USA Football
Safety Guide for Parents

Our program is a big proponent of player safety. We were one of the first programs in the United States (and were one of the original pilot project sites) to embrace the USA Football Head's Up program for player safety. Information regarding this program and the manner in which tackling is taught can be reviewed at the following link: http://www.usafootball.com. In general, the program stresses a number of key issues in order to promote player safety. These include proper helmet fitting, recognition/appropriate management of concussion signs and symptoms, recognition/management of heat/hydration issues, rethinking practice methodology (levels of contact) to reduce the total number of hits sustained and teaching new methods of blocking and tackling (Heads Up).

Below we summarize a number of key points to assist our parent group in educating themselves about these critically important matters:

Concussion Identification

Signs Observed by Coaches Symptoms Reported by Players
Appears dazed or confused Headache or "pressure" in head
Is confused about assignment or position Nausea or vomiting
Forgets an instruction Balance problems or dizziness
Is unsure of game, score or opponent Double or blurry vision
Moves clumsily Sensitivity to light
Answers questions slowly Sensitivity to noise
Loses consciousness (even briefly) Feeling sluggish, foggy, hazy or groggy
Shows mood, behavior or personality changes Concentration or memory problems
Can't recall events prior to hit or fall Confusion
Can't recall events after hit or fall Doesn't feel "right" or is "feeling down"

Graduated Return to Play Protocol (following concussion)

This is a series of physical exertional challenges our players must successfully complete (without increasing symptoms each day) to return to full activity--only one step per day. If symptoms recur, we stop, rest that day and the next before retrying that level:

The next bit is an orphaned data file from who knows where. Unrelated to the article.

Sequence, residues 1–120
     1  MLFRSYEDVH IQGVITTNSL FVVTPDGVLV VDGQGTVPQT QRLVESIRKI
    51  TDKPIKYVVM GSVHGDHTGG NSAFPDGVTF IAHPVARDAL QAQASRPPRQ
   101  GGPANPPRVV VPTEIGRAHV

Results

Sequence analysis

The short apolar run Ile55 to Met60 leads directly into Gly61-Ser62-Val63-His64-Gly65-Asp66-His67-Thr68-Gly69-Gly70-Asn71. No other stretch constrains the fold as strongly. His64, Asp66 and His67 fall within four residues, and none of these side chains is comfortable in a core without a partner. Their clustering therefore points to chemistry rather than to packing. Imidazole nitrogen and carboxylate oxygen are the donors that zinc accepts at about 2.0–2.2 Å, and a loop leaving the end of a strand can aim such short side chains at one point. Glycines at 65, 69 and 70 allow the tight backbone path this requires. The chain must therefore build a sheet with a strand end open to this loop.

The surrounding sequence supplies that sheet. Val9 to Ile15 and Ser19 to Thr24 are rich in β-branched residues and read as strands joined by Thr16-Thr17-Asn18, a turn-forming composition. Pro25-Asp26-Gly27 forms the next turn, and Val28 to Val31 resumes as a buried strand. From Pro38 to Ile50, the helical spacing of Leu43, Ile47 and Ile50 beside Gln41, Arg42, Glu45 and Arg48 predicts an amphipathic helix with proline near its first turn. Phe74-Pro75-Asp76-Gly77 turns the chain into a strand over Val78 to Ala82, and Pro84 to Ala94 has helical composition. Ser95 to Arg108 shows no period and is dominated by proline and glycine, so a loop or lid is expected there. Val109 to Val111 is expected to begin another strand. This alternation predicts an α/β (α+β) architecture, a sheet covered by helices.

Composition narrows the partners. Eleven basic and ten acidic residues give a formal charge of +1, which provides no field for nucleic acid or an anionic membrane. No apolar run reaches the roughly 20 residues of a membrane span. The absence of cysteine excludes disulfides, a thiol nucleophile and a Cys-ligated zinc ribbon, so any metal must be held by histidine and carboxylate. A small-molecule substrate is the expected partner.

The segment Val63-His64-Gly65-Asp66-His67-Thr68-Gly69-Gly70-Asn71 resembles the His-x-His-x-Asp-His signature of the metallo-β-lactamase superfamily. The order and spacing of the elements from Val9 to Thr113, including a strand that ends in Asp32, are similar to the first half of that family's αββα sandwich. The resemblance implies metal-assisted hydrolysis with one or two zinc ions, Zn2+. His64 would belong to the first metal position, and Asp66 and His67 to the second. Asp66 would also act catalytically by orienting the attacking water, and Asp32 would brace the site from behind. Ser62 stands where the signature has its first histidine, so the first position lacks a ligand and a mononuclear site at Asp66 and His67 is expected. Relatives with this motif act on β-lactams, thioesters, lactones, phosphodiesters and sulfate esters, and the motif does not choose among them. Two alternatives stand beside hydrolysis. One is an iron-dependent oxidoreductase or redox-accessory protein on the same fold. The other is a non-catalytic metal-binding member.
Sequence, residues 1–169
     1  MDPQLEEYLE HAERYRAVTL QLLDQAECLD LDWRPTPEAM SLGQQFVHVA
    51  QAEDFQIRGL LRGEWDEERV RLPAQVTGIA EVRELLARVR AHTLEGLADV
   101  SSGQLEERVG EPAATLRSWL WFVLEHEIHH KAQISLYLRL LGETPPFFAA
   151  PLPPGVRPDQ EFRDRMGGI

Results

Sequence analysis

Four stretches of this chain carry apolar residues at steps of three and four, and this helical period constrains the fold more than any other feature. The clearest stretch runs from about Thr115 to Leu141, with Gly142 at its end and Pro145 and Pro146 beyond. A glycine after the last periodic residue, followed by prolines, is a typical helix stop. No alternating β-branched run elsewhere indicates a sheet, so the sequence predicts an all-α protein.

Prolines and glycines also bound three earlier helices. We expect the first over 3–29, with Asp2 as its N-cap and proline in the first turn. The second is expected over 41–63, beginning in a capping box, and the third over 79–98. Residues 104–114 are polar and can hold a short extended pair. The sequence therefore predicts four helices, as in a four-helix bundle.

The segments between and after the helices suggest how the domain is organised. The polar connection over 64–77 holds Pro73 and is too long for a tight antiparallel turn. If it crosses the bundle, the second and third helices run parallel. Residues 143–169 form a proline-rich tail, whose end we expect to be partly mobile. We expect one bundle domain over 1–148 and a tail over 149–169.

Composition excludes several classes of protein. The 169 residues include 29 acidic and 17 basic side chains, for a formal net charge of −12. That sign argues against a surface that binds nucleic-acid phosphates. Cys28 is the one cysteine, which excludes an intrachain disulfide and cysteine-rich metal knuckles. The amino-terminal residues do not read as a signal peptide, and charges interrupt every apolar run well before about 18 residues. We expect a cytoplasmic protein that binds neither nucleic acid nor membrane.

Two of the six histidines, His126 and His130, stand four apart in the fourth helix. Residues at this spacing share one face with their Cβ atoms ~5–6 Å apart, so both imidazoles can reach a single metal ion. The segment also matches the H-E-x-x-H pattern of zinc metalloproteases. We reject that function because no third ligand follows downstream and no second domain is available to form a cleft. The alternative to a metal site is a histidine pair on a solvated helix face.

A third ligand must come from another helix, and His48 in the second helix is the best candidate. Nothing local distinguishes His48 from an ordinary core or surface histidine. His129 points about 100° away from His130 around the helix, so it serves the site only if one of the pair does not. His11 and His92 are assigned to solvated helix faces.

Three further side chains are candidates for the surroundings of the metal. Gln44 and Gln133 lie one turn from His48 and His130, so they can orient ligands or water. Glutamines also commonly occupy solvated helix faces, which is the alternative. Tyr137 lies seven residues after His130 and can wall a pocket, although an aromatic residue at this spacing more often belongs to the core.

• Step 1: No symmptoms at rest and able to tolerate a normal day of activity in school or social situations without increasing symptoms (and obtain medical clearance to move to Step 2)
  • Step 2: increase heart rate without any head movement (light aerobic exercise such as walking or stationary exercise bicycle for 20 minutes at <70% of maximum heart rate); no strength training.
  • Step 3: Increase heart rate with full head and body movement (jogging for 20 minutesat same level of intensity as in Step 2)
  • Step 4: Begin simple drills (no sprinting, no contact; OK to start weight training).
  • Step 5: More complex drills and practice (no contact); obtain medical clearance to move to Step 6.
  • Step 6: Full practice with sprinting, contact and scrimmage time.
  • Step 7: Return to normal exertional and competitive activity

Heat Problems

Key to prevention is adequate acclimatization, hydration and common sense in running practices

Remember: if player needs hospital, cool before transporting (key to survival of heat stroke)

HEAT EXHAUSTION

· The inability to continue exercise in the heat from either weakness or exhaustion.

· May feel hot, tired, sweating a lot, weak, dizzy and don't feel able to continue exercise.

· Causes: Excessive fluid loss/electrolyte loss; dehydration less blood available for working muscles/skin to give off heat.
· Treatment

1. Remove athlete from activity and put in shaded/cool area.

2. Lay on the ground with legs raised about 12 inches.

3. Replenish lost fluids.

4. Moderate cooling methods such as ice towels, misting fans, or cold water immersion.

HEAT CRAMPS

· Painful, localized muscle cramps, might feel like they are "wandering" throughout the cramping muscle.

· Usually visible, the muscle will feel hard.

· Causes: fatigue, dehydration and electrolyte losses through sweat; lack of heat acclimatization, poor fitness.
· Treatment

1. Rehydration with water and sport drinks.

2. Some light stretching or massage with ice on the cramping muscle.

HEAT SYNCOPE

· A fainting or lightheadedness episode.
· Causes: lack of heat acclimatization, poor fitness; blood pooling in lower extremities reducing the heart's ability to provide enough circulation.
· Treatment

1. Lay athlete on the ground and raise their legs about 12 inches.

2. This helps blood go back to the heart to normalize blood pressure.

HEAT STROKE

· Combination of: Incredibly Hot Skin, Dizziness and Fainting, Extreme Fatigue, Nausea, Vomiting, Rapid Heartbeat, Mental Confusion, Seizures, Lack of Sweating, Severe Headache

· Medical emergency requiring immediate cooling and ER

 
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